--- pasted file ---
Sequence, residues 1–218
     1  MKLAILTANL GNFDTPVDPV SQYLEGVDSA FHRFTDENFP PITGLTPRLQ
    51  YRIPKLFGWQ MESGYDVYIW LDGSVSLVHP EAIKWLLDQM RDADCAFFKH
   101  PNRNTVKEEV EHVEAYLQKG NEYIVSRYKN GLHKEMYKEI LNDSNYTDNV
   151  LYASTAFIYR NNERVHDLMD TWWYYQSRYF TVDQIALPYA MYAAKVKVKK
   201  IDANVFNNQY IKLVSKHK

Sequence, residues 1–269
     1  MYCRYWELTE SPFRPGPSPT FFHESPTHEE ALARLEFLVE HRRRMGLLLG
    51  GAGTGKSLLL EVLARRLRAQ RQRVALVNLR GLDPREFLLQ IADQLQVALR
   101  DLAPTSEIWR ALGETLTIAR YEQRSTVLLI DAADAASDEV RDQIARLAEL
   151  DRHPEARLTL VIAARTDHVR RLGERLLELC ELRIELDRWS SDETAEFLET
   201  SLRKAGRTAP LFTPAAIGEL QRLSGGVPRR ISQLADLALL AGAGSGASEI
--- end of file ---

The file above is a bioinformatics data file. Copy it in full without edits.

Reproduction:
Sequence, residues 1–218
     1  MKLAILTANL GNFDTPVDPV SQYLEGVDSA FHRFTDENFP PITGLTPRLQ
    51  YRIPKLFGWQ MESGYDVYIW LDGSVSLVHP EAIKWLLDQM RDADCAFFKH
   101  PNRNTVKEEV EHVEAYLQKG NEYIVSRYKN GLHKEMYKEI LNDSNYTDNV
   151  LYASTAFIYR NNERVHDLMD TWWYYQSRYF TVDQIALPYA MYAAKVKVKK
   201  IDANVFNNQY IKLVSKHK

Sequence, residues 1–269
     1  MYCRYWELTE SPFRPGPSPT FFHESPTHEE ALARLEFLVE HRRRMGLLLG
    51  GAGTGKSLLL EVLARRLRAQ RQRVALVNLR GLDPREFLLQ IADQLQVALR
   101  DLAPTSEIWR ALGETLTIAR YEQRSTVLLI DAADAASDEV RDQIARLAEL
   151  DRHPEARLTL VIAARTDHVR RLGERLLELC ELRIELDRWS SDETAEFLET
   201  SLRKAGRTAP LFTPAAIGEL QRLSGGVPRR ISQLADLALL AGAGSGASEI